(Reuters) – The Trump administration has rolled back protections for transgender prison inmates introduced under former President Barack Obama after some prisoners challenged the policies in court.
An inmate’s “biological sex” will now be used to make the initial decision as to where transgender prisoners are housed, instead of the gender to which they identify, according to a change in guidelines announced on Friday by the U.S. Bureau of Prisons.
The move, decried by transgender rights advocates, comes after four women held at a Texas detention center filed a federal lawsuit. The inmates argued that the previous prison guidelines, introduced in January 2017 just days before Obama left office, put them at greater risk of rape because they might have to share facilities with transgender women.
Under President Donald Trump, the Justice Department said in August that it would evaluate the issues in the lawsuit.
Following Friday’s change to the guidelines, first reported by BuzzFeed News, prison authorities are instructed to consider the health and safety of transgender inmates, as well as “whether placement would threaten the management and security of the institution and/or pose a risk to other inmates in the institution.”
Bureau of Prisons officials did not immediately respond to requests for comment on Saturday. But Nancy Ayers, a spokeswoman for the agency, told BuzzFeed News that the new policy takes into account the needs of all federal prisoners “and articulates the balance of safety needs of transgender inmates as well as other inmates.”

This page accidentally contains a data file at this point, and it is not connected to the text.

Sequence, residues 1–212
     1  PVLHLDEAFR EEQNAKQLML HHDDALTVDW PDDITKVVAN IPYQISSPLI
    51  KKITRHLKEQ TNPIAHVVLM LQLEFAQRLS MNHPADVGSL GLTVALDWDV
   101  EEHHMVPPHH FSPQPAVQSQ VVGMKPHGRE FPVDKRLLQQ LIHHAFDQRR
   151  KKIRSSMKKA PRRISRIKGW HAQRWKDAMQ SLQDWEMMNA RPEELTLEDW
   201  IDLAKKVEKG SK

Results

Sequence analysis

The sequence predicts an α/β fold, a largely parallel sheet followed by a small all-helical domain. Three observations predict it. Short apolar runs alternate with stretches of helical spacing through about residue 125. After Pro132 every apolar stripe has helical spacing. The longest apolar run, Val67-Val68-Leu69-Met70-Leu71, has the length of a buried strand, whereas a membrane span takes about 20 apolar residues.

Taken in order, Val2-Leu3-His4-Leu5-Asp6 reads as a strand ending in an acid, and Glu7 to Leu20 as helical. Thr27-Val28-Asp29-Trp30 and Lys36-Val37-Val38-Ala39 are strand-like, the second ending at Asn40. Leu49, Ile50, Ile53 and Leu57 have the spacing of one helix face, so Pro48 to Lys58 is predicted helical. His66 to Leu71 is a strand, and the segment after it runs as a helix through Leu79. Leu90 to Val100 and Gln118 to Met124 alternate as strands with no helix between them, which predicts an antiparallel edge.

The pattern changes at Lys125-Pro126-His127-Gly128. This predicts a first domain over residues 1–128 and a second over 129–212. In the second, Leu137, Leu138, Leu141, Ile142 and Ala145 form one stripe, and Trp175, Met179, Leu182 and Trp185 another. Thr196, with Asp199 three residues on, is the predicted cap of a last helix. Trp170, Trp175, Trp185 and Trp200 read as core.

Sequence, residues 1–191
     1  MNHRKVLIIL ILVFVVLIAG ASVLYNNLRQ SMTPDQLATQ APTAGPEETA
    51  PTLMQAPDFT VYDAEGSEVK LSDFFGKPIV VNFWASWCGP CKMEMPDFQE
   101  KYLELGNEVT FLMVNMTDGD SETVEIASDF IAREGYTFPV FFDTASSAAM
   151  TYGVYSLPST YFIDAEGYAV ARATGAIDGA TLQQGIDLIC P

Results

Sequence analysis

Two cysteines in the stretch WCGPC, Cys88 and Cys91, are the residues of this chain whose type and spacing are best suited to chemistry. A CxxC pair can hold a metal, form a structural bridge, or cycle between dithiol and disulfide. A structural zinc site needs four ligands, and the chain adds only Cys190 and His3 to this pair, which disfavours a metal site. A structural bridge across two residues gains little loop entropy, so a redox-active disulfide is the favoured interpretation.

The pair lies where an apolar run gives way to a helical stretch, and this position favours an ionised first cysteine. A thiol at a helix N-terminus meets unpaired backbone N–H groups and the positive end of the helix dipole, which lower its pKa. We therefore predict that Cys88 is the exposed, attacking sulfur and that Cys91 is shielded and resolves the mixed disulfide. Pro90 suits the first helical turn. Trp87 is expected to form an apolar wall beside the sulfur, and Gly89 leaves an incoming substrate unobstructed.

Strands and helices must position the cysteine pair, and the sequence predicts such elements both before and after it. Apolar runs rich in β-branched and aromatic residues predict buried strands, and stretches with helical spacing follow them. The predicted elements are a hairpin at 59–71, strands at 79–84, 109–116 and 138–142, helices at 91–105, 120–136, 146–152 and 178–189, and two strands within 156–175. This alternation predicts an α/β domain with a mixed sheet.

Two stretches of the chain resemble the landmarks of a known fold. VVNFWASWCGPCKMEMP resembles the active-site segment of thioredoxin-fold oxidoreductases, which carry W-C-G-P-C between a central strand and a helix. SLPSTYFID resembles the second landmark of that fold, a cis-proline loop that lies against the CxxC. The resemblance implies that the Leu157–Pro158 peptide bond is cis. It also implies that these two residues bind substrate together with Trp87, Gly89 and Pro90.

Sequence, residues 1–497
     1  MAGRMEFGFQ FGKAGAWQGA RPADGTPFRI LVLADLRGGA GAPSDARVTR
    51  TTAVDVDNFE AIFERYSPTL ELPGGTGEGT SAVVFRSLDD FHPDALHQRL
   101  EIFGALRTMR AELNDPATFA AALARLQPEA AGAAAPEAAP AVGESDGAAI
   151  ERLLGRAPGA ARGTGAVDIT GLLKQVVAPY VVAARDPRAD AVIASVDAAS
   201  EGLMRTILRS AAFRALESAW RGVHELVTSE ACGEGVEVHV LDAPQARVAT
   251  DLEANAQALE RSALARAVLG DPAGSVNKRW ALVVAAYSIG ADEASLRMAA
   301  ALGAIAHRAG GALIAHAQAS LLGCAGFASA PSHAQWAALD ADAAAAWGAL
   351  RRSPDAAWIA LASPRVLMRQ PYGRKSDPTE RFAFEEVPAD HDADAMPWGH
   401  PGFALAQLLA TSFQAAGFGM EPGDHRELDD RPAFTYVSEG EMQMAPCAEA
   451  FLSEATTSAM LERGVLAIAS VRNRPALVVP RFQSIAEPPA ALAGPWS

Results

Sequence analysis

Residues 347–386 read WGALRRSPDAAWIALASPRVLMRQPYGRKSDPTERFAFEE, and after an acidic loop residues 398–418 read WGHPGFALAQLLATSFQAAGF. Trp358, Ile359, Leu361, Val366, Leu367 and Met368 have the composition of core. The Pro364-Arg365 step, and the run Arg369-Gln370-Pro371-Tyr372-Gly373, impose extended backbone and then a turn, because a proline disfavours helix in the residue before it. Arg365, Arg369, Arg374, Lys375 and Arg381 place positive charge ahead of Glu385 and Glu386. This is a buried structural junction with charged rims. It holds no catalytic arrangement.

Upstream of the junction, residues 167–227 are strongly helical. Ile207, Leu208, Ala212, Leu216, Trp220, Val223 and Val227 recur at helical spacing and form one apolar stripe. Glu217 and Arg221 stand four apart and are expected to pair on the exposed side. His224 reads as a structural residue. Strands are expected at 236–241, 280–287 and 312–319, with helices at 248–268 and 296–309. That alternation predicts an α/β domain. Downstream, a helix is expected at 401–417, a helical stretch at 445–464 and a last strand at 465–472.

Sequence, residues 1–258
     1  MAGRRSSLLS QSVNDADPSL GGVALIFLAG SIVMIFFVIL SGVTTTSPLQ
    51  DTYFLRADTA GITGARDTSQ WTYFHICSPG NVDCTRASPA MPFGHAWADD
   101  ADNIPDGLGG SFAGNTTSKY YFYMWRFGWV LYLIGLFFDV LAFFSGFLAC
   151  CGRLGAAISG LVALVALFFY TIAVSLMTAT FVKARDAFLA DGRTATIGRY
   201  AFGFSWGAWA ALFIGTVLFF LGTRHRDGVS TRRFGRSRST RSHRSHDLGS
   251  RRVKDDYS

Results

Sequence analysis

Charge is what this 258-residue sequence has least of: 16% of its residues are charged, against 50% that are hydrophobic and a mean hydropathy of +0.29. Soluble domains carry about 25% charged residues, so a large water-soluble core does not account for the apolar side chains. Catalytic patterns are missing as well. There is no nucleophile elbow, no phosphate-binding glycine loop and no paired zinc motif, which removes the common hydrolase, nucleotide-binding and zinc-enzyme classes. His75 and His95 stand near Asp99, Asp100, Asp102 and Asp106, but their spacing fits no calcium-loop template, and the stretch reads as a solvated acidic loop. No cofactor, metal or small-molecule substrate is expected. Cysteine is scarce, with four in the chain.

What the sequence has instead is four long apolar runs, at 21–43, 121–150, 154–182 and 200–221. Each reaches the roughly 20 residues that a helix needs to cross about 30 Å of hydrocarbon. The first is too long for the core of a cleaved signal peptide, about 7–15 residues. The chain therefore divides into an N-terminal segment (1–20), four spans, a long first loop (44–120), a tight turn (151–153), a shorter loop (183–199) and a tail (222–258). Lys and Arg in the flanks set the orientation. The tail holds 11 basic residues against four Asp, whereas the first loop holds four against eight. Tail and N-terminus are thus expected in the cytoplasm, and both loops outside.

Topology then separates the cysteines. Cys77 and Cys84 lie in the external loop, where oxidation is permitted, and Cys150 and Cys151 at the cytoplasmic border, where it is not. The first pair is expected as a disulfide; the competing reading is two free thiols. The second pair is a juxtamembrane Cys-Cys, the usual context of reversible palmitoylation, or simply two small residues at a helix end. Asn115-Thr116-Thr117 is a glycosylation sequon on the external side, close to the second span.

The move was condemned by transgender activists, who point to official statistics that show transgender inmates are at disproportionate risk of suffering sexual violence.
“The decision to disregard a transgender person’s gender identity is harmful and disrespectful,” David Stacy, government affairs director of the Human Rights Campaign, a lesbian, gay, bisexual and transgender advocacy group, said in a statement.
— Trans Equality (@TransEquality) May 11, 2018
The Trump administration has sought to ban transgender people from serving in the U.S. military and has taken other steps aimed at rolling back transgender rights.
In October, the administration said a federal law banning gender-based workplace discrimination does not protect transgender employees, reversing another Obama-era position.
In February, Trump rescinded Obama administration guidance that said public schools should let transgender students use the restroom corresponding to their gender identity.
(Reporting by Maria Caspani; Editing by Daniel Wallis and Tom Brown)